A runner’s size doesn’t tell you as much as you might think. In my nearly 15 years of running, I’ve had the unique experience of doing so at weights differing by nearly 50 pounds. On my 5’5’’ frame, that’s significant. My weight has played a major factor in my running – but probably not in the ways you might think. Sure, I was my fastest at my lightest weight – yet it was also my unhealthiest; I was able to run my farthest at my heaviest weight; and I was my weakest mentally at my ideal (according to BMI charts) weight.
The summer before freshman year, I was 15 and excited about joining my first high school sport, cross-country. I found running fun and satisfying, so I gave it my all. Then I made varsity and spent the next four years in a love-hate relationship with running; I loved the feeling it gave me to complete a workout or run a new distance, but I hated the competition and nerves of racing at the varsity level. I weighed around 115 pounds throughout high school, falling within the ‘healthy’ section highlighted for my height on the BMI chart. I was comfortable and confident with my body, proud of how it allowed me to run.
The first half of my freshman year in college I dropped to 105 pounds. I had voluntarily chosen to skip joining the cross-country team that first fall, because I wanted a break from the nerves and pressure I put on myself while racing, and I wanted to focus on adjusting to college life. By spring, I could no longer get clearance from my doctor to join the track or cross-country teams because, at 98 pounds, I was too underweight. I stayed at that weight throughout college, and continued running on my own. Although my low weight was due to disordered eating and borderline OCD, my dedication to running had never been stronger. I had unintentionally freed myself from the expectations of a team and was only running for myself. I started running half marathons and even won one in 1:27:00. I realized training solo and racing longer distances was where I felt most at peace – even at such an unpeaceful time in my life.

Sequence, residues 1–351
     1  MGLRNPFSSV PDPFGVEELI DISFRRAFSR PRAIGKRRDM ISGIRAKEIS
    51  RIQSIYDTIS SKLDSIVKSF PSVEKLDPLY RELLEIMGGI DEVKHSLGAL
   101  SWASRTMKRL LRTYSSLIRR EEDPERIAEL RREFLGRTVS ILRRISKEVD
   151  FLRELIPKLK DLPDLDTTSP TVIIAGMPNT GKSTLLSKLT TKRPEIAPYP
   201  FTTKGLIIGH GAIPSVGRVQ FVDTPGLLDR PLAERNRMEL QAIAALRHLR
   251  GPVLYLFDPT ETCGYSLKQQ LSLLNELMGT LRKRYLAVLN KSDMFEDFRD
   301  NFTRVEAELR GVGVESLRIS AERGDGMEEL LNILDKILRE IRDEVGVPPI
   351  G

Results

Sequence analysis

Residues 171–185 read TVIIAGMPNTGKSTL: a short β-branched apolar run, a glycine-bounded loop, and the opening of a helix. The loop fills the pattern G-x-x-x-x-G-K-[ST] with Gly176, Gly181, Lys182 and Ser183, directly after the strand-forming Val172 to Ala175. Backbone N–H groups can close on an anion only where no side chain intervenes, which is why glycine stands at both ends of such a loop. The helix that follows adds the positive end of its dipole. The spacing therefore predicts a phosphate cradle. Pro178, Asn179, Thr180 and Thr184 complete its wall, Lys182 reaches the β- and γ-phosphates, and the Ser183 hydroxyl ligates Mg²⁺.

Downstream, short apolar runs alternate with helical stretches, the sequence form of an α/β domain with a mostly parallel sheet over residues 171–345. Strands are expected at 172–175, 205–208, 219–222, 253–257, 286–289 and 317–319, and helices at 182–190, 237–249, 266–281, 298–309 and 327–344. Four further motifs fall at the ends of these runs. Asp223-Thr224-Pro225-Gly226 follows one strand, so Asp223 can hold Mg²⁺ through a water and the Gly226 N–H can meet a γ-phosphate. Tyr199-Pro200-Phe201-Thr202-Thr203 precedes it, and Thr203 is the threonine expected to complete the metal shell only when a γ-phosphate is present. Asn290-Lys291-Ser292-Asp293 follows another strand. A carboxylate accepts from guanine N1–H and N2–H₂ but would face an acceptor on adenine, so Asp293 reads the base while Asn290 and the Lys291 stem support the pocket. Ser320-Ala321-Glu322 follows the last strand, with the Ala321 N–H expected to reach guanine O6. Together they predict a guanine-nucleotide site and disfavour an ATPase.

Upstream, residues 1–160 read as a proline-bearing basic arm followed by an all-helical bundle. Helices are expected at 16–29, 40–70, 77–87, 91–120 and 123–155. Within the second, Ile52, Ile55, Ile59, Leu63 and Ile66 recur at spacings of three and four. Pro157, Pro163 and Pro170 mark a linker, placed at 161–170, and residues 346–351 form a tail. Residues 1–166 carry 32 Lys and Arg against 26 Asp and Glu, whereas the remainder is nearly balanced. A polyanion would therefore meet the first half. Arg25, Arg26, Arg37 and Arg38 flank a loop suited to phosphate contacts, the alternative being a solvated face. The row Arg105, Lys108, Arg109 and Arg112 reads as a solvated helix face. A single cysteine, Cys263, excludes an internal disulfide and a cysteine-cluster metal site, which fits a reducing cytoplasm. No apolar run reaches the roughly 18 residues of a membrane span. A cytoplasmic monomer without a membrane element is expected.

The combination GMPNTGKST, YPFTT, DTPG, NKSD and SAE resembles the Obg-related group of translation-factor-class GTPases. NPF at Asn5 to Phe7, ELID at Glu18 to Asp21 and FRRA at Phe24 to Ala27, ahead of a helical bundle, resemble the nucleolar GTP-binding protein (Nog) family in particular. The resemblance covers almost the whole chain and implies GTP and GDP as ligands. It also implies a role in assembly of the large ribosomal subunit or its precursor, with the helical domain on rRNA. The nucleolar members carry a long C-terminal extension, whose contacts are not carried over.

I put on 20 pounds over those two years, and qualified for Boston with the completion of my first marathon.
A couple years after college, I began dating the man I would eventually marry. Being a professional chef and avid rock climber, he was in incredible shape and knew what healthy really meant, through and through. Within two years of dating, he had completely re-educated me on what ‘healthy eating’ really means, and shown a level of commitment to me I’d never experienced, which gave me confidence to try just about anything. I put on 20 pounds over those two years, and qualified for Boston with the completion of my first marathon. I then signed up for my first triathlon and was soon training for a half Ironman. I put on another 20 pounds over the next two years and found myself at 140 pounds. Whatever wasn’t muscle must have been confidence; I’d never felt fitter or faster in my life. Finally I signed up for my first ultra marathon, a local 50K, and my husband ran it at my side.
Our third year of marriage, we decided to take a stab at parenting. At that time, my doctor recommended I slow down on all the training and even gain a few pounds. I was flabbergasted – gain weight? I was already at my heaviest ever! Turns out, muscle (and confidence, of course) weigh a lot more than fat, so the numbers on the scale really don’t tell you what you want to know. In need of a mental and physical break from all my long distance training anyway, I complied with the doctor and backed off on my workouts. My weight hit 145, and you know what? I still felt good. I still felt fit. I still felt confident. Then….I felt pregnant.
Five weeks after giving birth, I squeezed (barely) into my old running clothes and began the process of getting back in shape. Having lived through birthing a nine-pound baby, I had a very new respect for my body and its capabilities. Running and breastfeeding brought me back to my pre-pregnancy weight within two months, and I won my first trail marathon at 130 pounds, when my daughter was five and a half months old. I felt blissfully happy, confident, and healthy.
It’s been a 15-year journey so far, but I have definitely learned to respect my body at varying weights, and I understand now how little a number may actually reflect your health, abilities, and confidence. Here’s to the continuing journey and embracing health!
By: Audra Rundle